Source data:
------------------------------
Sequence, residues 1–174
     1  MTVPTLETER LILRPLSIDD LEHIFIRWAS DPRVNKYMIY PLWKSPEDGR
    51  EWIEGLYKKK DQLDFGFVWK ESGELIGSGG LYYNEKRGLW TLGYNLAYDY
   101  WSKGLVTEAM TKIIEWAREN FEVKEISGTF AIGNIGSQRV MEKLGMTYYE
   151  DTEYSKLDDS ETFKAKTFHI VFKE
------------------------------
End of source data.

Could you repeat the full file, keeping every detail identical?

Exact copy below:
Sequence, residues 1–174
     1  MTVPTLETER LILRPLSIDD LEHIFIRWAS DPRVNKYMIY PLWKSPEDGR
    51  EWIEGLYKKK DQLDFGFVWK ESGELIGSGG LYYNEKRGLW TLGYNLAYDY
   101  WSKGLVTEAM TKIIEWAREN FEVKEISGTF AIGNIGSQRV MEKLGMTYYE
   151  DTEYSKLDDS ETFKAKTFHI VFKE